It’s not too late to save war-torn Yemen by Yazeed Mohammed, Yemen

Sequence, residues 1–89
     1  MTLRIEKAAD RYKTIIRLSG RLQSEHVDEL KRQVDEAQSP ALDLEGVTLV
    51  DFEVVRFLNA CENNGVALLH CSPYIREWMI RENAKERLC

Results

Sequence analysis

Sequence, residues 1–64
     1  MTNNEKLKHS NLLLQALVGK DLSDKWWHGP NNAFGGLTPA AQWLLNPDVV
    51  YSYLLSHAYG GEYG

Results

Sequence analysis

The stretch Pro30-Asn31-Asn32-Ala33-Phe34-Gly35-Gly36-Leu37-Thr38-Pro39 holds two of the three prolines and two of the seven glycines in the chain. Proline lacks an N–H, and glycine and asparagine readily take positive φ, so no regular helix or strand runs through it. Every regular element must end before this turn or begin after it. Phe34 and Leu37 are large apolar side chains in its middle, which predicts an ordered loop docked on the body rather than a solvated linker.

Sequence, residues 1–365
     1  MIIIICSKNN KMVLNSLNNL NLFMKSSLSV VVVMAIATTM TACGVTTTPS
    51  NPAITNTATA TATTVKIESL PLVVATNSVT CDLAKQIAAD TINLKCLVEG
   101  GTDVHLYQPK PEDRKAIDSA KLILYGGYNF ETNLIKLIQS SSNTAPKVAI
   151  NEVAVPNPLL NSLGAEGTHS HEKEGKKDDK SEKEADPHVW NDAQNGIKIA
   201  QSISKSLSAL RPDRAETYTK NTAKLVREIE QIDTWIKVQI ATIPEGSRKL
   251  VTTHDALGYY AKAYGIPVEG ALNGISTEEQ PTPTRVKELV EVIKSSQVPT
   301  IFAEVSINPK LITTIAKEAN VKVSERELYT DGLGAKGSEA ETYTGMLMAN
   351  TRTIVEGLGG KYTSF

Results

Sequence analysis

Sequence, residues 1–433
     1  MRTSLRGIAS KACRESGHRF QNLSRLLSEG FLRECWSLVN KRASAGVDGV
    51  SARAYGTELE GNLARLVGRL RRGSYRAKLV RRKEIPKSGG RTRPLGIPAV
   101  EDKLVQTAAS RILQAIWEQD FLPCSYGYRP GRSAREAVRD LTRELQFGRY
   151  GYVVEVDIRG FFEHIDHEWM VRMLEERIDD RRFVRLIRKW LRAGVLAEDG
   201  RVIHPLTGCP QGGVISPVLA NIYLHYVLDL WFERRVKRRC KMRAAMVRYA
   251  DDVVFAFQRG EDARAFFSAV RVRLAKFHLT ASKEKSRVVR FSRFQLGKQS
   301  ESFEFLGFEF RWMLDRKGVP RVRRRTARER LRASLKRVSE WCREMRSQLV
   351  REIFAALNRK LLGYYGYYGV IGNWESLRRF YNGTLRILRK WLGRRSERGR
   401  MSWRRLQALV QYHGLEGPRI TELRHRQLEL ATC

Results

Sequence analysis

Now it has been over 22 months, or almost 2 years since civil war broke in my country, Yemen, the poorest state in the Middle East. A war that savagely kidnapped the lives of thousands of civilians, as the latest UN reports confirmed the death toll to rise over 10,000, and wounded to about 50,000, including all but civilians. However, these casualties cannot yet be considered the worst thing the war has caused in Yemen. Malnutrition, starvation, epidemic diseases, the rise of suicide rates, and reports of over 2 million internal displacement are some of the other catastrophic consequences of the ongoing civil war. Thus, helpless and distressed Yemeni civilians have nothing in hand but to lament our shattered country and question if it could be possible again to reconcile, and live all together peacefully after a merciless war. For many, the war broke out in March 2015, but our reality showed us something else. It actually began earlier in September 2014 when the Shiite Houthis rebels seized Sana’a for weeks and then forcefully  had President Abdu Rabu Mansour Hadi sign a deal to share power. Since then, Houthi militants had a strong grip on the governing authorities and left President Hadi under house arrest in his presidential  palace with no power of command. Yemen’s military forces proved they had no loyalty to the president. On the contrary, as media reports later exposed, they received their orders from the former president Ali Abdullah Salah who is an ally with Houthis. The goal was to oust Hadi from power.  A few months later, Hadi resigned and remained detained for weeks before managing, in late February 2015, to flee from Sana’a to Aden city where he reclaimed power amid international recognition as a legitimate president and concerns over anticipated violence. Hadi’s rescinding resignation infuriated Houthi rebels and their allies, Saleh’s loyalists, and prompted them a month later to invade the southern cities of Yemen that declared defying Shiite rebels and fighting in support of what they described ‘defending the legitimate president’. It took only a few days for Houthi militants and their allies to take over southern cities and advance toward Aden, where they would capture their opponent, president Hadi and ‘put an end to his regime.’ 25 March 2015 marked the day Yemen’s president fled through the sea to Saudi Arabia, our neighboring country. In response, Saudi Arabia led a 10 country coalition and intervened to restore Hadi’s power and stop the expansion of  the Shiite Houthi rebels, who always boasted their strong ties with Iran. Since then, constant fighting spread all over the country and it is still continuing. We have reached into a point that it matters not who or how this war has weakened either warring party.  This war has ravaged our country and has taken it to the verge of famine and absolute failure. More pain and misery keep knocking on our doors as we impatiently and helplessly call for ending the war to rescue our withering souls. Like me, hundreds of thousands of Yemenis have similar and different reasons to raise their voices against this devastating conflict. I want the war to end in the hope that my friend, Nader Al Salahi, be released from detention, and receive proper treatment to recover and regain sanity. My friend Nader is 28 years old, he is a human rights activist and an ambitious university student.  His newly deciphered and coded words, aptly depict and summarize our suffering. A year ago, Nader, would not have been capable of giving the right picture like now. Simply, he was then free and living like any normal human being wandering this world to find peace, tranquility and better life. Nader had always impressed almost everyone with his writing skills; he created ethos with his descriptions of his love of people and enthusiasm of life.  However, he has had two fatal flaws; first, Nader wrote in a manner that was too peaceful. A total contrast to President Trump. I would say Nader did not even dare to watch a wrestling game on TV, as he did not feel comfortable to witness the violent broadcast. The second flaw was that he writes articles as an advocate of human rights and nothing else. Yes, this later defect outraged Houthi rebels in Sana’a who kidnapped him while he was eating lunch in a restaurant in Sana’a the capital. A few strokes of his pen about human right violations sent him to detention. For several months, all searches of where he went did not succeed. His mother’s health was deteriorating. But her desperate prayers worked after 8 months of his disappearance. His family was called and ordered to send his  younger brother to visit him at detention. There is no need in this context to describe the feelings of my friend’s family. His brother paid him a visit but Nader was no longer Nader! Nader, as his brother describes, could barely move or stand. He named himself ‘Abdul Rahman’. It was clear, saying the overwhelmed brother, that Nader was severely, or rather brutally tortured; he lost his sanity. Nader or as he now likes to be called ‘Abdul Rahman’ is still detained. Even with his critical health condition and total loss of awareness, it is not enough for him to be released.  For him, it makes no difference. He knows or could recognize no one. Even when he speaks, his words come as spells that might be carrying or echoing their counterparts in Greek mythology. My old friend Nader, or the newly afflicted Abdul Rahman is one of the people here in Yemen who can tell the world a part of the horrible atrocities we face. I am sure, he could also, by his coded utterance,  draw the world’s attention to the calamities the Saudi-led airstrikes caused by targeting so many civilians who were turned into ashes. No doubt, by his own way or new language, my friend could explain that all employees in the public sector have not received their pay for about 6 months, and famine is horribly looming.  I used to know my friend very well, and I am sure that, in his new dying voice and character, his new words or message can be best interpreted as follows: “Stop this war now for the sake of reviving and rescuing the fallen apart  state, or lament not very soon hearing of the starvation and death of thousands of people while you are watching.”